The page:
How Do Neurosurgeons Diagnose Cervicalgia?

Diagnosis of cervicalgia depends upon taking a medical history and performing various imaging tests like X-rays, CT scans, MRIs, etc. Physicians usually ask questions about the symptoms and history of any injuries, illnesses, or activities that cause the pain. Various imaging tests help to determine the underlying spinal problems of the patient. Physicians will also look for tenderness, numbness, and muscle weakness by moving the head forward, backward, and side to side to confirm the diagnosis.

How Do Neurosurgeons Treat Cervicalgia?

The management of cervicalgia depends upon the cause and symptoms of the patients. The majority of the patients recover by applying home treatment. Cervicalgia usually disappears within a couple of weeks. But if the pain persists for several weeks or even months, patients need to talk to a physician. Most patients with acute neck pain usually respond well to conservative and non-surgical treatment. Different approaches to treat cervicalgia include:

  • Medications: This includes pain relievers (e.g., acetaminophen), muscle relaxants, and non-steroidal anti-inflammatory drugs (e.g., aspirin, Motrin, or ibuprofen, etc.) to reduce the pain and inflammation.
  • Physical therapy: It includes mobilization exercises to strengthen the muscles of the neck. Stretching the neck several times a day may help to reduce neck pain.
  • Application of ice packs and warm compression to manage cervicalgia. Ice therapy to the affected area for 15 minutes several times a day can help to reduce the inflammation and heat therapy for 20 minutes a day can ease muscle tension and promote healing.
  • Physicians recommend wearing a neck collar to restrict the movement and stabilize the head.
  • Some holistic therapies like acupuncture, chiropractic care, easy yoga, easy Pilates, and Tai Chi show their effectiveness sometimes.

If the pain still persists after using these treatments, neurosurgeons may suggest surgery to reduce the discomfort of the patient. Physicians recommend some strategies to reduce the risk of having cervicalgia such as avoiding some activities that produce neck strains, provide adequate rest to the neck, avoiding poor posture, sleep in an excellent position, etc.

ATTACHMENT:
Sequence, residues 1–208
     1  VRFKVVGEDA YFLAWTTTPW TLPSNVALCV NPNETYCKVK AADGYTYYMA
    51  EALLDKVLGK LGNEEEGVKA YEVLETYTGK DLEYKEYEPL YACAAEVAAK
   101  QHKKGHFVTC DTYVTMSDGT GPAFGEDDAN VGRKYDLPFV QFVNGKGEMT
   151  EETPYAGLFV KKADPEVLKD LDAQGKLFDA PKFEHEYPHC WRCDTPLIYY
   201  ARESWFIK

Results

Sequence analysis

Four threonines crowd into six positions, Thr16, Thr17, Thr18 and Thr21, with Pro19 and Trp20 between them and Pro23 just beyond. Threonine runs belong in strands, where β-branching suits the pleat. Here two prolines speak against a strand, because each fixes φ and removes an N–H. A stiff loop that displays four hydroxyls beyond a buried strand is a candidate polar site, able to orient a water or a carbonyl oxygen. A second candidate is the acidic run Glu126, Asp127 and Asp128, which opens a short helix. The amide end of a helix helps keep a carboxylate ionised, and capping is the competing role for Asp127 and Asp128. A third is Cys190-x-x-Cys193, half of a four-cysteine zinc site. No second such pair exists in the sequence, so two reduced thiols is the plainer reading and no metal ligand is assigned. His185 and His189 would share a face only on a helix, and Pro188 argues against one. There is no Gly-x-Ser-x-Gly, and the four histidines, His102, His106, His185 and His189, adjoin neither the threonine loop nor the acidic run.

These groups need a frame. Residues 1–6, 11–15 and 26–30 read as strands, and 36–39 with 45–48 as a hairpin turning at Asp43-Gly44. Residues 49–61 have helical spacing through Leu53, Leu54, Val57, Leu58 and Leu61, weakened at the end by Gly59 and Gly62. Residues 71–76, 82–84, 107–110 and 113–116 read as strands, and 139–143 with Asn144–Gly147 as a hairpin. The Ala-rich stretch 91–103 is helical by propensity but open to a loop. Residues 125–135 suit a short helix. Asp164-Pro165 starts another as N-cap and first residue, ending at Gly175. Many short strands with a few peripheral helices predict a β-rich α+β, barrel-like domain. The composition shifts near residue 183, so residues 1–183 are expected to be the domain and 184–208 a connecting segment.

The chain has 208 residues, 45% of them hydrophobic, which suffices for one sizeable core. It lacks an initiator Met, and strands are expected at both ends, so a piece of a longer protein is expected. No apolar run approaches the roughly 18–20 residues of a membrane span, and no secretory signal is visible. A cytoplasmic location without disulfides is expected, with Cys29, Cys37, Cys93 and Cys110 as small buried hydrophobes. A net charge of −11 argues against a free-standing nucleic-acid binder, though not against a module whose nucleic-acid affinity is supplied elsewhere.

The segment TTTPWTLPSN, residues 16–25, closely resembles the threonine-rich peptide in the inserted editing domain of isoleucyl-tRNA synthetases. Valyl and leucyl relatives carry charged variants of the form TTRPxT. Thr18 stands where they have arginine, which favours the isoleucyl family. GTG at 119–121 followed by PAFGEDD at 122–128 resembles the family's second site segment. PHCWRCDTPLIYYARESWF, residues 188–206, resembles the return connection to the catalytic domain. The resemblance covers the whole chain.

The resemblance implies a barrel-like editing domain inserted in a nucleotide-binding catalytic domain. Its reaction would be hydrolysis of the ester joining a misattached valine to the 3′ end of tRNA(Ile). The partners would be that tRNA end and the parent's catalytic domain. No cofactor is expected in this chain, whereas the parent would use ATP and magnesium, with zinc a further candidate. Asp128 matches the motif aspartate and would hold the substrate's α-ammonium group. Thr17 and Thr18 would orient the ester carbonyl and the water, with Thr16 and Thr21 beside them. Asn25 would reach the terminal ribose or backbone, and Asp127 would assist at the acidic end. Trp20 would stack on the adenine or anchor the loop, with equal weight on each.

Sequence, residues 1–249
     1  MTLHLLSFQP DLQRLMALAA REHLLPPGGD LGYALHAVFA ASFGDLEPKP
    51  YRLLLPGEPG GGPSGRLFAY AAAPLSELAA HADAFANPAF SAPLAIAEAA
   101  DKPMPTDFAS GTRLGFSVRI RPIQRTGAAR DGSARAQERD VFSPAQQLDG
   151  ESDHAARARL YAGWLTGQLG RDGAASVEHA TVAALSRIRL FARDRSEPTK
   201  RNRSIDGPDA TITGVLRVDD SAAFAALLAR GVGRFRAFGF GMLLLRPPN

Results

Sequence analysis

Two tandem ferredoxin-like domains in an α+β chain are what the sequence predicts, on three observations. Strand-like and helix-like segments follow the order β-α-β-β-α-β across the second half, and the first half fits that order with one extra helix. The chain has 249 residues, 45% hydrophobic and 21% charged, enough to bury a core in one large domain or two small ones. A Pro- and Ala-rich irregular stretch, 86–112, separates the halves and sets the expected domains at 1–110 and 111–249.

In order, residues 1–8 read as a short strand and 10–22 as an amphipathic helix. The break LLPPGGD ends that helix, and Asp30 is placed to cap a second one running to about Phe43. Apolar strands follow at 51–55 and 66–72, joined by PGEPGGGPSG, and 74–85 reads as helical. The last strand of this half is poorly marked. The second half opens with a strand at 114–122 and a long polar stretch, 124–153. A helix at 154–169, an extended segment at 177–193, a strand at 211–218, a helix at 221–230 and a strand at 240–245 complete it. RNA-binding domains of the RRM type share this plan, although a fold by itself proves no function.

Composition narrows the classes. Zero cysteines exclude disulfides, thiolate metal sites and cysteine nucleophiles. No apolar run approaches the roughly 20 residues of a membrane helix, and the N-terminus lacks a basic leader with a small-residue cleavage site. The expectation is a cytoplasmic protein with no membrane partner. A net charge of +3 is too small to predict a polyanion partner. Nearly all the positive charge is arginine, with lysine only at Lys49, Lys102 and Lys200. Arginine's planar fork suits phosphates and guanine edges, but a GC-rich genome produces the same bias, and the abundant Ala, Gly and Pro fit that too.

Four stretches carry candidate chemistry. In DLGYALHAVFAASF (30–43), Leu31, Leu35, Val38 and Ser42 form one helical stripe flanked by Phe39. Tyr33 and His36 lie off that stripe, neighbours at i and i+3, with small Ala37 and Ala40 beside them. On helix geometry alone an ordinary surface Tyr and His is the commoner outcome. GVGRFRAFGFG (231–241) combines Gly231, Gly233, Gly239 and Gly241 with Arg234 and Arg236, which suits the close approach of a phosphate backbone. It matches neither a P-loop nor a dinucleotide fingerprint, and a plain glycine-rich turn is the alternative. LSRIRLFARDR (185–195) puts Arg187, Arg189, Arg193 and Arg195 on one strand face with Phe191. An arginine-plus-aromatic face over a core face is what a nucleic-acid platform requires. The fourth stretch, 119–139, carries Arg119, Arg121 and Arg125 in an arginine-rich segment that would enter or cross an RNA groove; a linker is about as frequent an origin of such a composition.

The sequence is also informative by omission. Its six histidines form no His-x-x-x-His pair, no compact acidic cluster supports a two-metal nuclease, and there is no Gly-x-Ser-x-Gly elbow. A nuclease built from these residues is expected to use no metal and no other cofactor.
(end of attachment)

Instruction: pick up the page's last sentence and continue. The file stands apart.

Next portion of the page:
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References

  1. Lago, E. P. Cervicalgia and its Relation to Stress in the Population of a Doctor’�’s Office. J. Head Neck Spine Surg. 2, (2018).
  2. Chandni Clara D’souza, R., Nambiar, R., Joseph S Martis, J., N Rao, S. & Singh, M. The incidence of persistence cervicalgia among students and the risk factors contributing towards it. IP Indian J. Anat. Surg. Head, Neck Brain 6, 49–52 (2020).
  3. Misailidou, V., Malliou, P., Beneka, A., Karagiannidis, A. & Godolias, G. Assessment of patients with neck pain: a review of definitions, selection criteria, and measurement tools. J. Chiropr. Med. 9, 49–59 (2010).
  4. Zeigelboim, B. S. et al. Neurotological findings at a health unit for adults with cervicalgia. Int. Arch. Otorhinolaryngol. 20, 109–113 (2016).
  5. Choi, A. R. et al. Current practice and usual care of major cervical disorders in Korea: A cross-sectional study of Korean health insurance review and assessment service national patient sample data. Med. (United States) 96, (2017).